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Drug combo may extend the lives of women with advanced endometrial cancer

Two new studies find that adding immunotherapy to standard chemotherapy lengthens the time before tumors return.

Women with advanced endometrial cancer may live longer before their tumors return if they receive immunotherapy and chemotherapy at the same time, according to two studies published Monday in the New England Journal of Medicine.

The findings, which were also presented Monday at the annual meeting of the Society of Gynecologic Oncology in Tampa, Florida, are expected to transform the way cancer doctors treat women in later stages of their disease.

"This is going to drastically change the conversation" with patients — "probably as of tomorrow," said Dr. David O'Malley, a gynecologic oncologist with The Ohio State University Comprehensive Cancer Center. O'Malley was not involved with the new studies.

In one of the studies, researchers found that adding the immunotherapy drug pembrolizumab (commonly known by its brand name, Keytruda) to the standard chemotherapy regimen of carboplatin and paclitaxel reduced the risk that patients' advanced or recurrent endometrial cancer would return by up to 70%, depending on the types of tumors they had.

"We found a profound improvement," said senior study author Dr. Carol Aghajanian, a medical oncologist specializing in gynecologic cancers at Memorial Sloan Kettering Cancer Center in New York City.

Some patients in the study who received the combination treatment went, on average, more than a year (13.1 months) before their disease progressed, compared to 8.7 months, on average, among those who only got chemotherapy.

The impact was more dramatic in women with a mismatch repair-deficient tumor, a specific type of endometrial cancer.

While women in the chemo-only group went, on average, 7.6 months before their cancer progressed, women with the mismatch repair-deficient tumor type that got chemotherapy plus immunotherapy are doing so well a year later, that not enough have had tumor progression to allow researchers to determine how long the benefits might last.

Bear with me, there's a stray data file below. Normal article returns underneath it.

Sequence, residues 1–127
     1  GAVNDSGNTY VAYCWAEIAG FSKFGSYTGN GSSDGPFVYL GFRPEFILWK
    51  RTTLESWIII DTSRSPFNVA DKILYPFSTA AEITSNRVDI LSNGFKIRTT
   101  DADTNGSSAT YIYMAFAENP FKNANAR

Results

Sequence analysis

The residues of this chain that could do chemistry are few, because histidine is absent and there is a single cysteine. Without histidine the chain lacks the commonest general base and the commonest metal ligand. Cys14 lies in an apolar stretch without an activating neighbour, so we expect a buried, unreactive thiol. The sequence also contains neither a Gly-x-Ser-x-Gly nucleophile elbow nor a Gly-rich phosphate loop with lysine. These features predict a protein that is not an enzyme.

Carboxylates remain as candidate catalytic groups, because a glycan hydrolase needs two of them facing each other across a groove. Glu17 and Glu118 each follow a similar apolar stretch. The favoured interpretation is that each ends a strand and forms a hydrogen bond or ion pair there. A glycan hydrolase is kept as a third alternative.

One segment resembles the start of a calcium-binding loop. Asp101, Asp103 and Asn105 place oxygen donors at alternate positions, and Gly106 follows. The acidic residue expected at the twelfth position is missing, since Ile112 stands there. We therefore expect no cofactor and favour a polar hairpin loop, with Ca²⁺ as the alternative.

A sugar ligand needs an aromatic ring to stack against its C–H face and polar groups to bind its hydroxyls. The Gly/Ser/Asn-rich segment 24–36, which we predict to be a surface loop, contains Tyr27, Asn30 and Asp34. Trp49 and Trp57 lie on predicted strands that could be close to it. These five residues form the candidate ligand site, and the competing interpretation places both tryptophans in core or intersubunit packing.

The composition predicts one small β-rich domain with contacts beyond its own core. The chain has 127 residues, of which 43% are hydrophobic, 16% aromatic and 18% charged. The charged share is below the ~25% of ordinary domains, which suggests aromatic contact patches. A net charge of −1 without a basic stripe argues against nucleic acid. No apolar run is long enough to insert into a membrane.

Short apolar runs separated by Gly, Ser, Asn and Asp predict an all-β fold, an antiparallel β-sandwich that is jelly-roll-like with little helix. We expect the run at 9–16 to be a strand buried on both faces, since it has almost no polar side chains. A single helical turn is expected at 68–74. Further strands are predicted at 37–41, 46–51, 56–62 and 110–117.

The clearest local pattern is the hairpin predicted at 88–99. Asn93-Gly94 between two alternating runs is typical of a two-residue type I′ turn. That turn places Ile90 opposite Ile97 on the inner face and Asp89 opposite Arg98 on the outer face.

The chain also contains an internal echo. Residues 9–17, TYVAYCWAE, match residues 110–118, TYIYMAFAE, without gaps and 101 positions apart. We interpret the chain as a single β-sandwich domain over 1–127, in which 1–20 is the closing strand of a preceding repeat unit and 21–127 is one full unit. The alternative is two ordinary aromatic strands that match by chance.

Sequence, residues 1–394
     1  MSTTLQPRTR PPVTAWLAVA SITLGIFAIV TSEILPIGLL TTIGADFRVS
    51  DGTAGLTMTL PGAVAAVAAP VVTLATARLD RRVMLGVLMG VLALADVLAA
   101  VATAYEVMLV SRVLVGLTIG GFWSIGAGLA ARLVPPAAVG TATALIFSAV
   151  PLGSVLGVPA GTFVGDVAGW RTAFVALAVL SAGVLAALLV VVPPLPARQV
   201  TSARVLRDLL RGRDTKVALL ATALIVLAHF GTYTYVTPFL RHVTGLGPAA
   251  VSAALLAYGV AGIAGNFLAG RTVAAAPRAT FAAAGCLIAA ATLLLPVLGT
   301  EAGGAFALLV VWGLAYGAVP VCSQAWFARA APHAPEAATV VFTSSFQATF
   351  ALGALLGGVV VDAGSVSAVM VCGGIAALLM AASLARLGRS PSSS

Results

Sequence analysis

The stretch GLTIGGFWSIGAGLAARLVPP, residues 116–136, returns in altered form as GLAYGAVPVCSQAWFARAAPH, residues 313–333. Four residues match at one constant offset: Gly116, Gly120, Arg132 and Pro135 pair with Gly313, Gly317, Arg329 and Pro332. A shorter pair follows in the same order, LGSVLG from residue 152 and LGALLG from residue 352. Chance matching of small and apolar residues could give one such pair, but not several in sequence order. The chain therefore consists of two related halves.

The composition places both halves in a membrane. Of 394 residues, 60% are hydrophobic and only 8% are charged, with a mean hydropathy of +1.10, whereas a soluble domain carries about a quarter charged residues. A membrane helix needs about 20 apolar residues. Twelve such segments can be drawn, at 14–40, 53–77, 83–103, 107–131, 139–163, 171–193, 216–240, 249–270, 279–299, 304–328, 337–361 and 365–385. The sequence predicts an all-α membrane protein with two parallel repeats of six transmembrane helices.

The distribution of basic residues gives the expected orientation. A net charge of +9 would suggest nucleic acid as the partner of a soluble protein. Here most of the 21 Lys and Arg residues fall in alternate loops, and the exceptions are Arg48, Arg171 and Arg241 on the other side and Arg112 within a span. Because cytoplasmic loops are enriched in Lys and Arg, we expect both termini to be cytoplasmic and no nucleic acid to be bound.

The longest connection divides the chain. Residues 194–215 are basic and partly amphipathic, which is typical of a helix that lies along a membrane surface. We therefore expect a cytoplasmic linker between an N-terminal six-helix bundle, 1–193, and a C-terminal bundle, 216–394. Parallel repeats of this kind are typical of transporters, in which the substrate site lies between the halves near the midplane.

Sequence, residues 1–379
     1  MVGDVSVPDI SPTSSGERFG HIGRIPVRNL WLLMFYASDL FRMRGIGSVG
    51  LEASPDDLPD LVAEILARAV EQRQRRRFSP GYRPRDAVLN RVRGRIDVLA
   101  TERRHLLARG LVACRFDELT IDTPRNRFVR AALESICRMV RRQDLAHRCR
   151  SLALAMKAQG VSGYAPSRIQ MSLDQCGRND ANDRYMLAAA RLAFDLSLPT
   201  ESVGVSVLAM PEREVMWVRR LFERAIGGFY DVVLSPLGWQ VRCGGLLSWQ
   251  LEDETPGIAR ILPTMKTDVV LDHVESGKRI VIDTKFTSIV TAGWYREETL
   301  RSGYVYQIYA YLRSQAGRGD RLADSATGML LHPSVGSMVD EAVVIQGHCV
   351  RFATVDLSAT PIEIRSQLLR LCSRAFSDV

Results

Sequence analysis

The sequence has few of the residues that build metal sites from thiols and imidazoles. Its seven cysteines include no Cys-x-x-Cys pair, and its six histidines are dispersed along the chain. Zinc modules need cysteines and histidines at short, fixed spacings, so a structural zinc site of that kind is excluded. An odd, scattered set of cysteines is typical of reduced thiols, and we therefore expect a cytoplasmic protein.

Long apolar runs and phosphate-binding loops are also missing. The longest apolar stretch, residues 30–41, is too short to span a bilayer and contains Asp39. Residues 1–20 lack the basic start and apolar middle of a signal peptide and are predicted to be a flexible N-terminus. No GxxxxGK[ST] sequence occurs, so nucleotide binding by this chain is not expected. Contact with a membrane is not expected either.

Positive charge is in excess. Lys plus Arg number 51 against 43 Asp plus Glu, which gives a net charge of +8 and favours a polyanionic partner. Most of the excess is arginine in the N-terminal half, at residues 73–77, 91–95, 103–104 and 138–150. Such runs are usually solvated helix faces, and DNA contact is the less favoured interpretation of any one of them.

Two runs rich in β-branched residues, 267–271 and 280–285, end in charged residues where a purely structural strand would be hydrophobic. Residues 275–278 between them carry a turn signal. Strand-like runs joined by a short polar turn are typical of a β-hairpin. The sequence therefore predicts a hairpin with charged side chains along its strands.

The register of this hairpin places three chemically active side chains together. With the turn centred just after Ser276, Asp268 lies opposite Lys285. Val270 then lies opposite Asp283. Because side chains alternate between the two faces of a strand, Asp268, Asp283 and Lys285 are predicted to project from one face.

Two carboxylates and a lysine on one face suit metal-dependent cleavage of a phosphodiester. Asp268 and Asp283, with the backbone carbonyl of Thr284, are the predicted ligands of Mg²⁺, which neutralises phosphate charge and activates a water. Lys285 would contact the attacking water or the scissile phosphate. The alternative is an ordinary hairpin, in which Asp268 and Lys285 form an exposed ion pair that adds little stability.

Dr. Pamela Soliman, a gynecologic oncologist at MD Anderson Cancer Center in Houston who was not involved in the new studies, said the findings were exciting.

"Patients with either advanced or recurrent endometrial cancer don’t have a lot of great treatment opportunities," Soliman said. "This is really practice-changing."

Currently, immunotherapy is only approved for endometrial cancer as a second line of treatment, after chemotherapy. These findings suggest a significant advantage to using immunotherapy as part of the first line of treatment in these advanced cancers.

The Food and Drug Administration would need to amend its guidance on using immunotherapy in this way before it's widely implemented as the protocol for treating late-stage endometrial cancer. Aghajanian said regulators are already reviewing the new data.

Women are not screened for endometrial cancer. Instead, it's typically detected when symptoms develop. The most common symptoms include post-menopausal bleeding or other irregular vaginal bleeding.

The American Cancer Society estimates that 66,200 cases of endometrial cancer will be diagnosed this year, and more than 13,000 women will die of the disease.

Rates of new endometrial cancers has risen 0.6% per year from 2010 to 2019, according to the National Cancer Institute.

A second study published Monday compared chemotherapy with a chemo-combination therapy that included a monoclonal antibody called dostarlimab.

Again, depending on the type of endometrial tumor, the risk that the cancer would return was reduced by up to 61.4% for up to two years after treatment.

Both studies were welcomed by clinicians frustrated by rising endometrial cancer cases.

"Endometrial cancer is one of the few cancers that is rising, increasing in mortality in the United States," said Aghajanian. "Unfortunately, very few treatments have been developed specifically for it."

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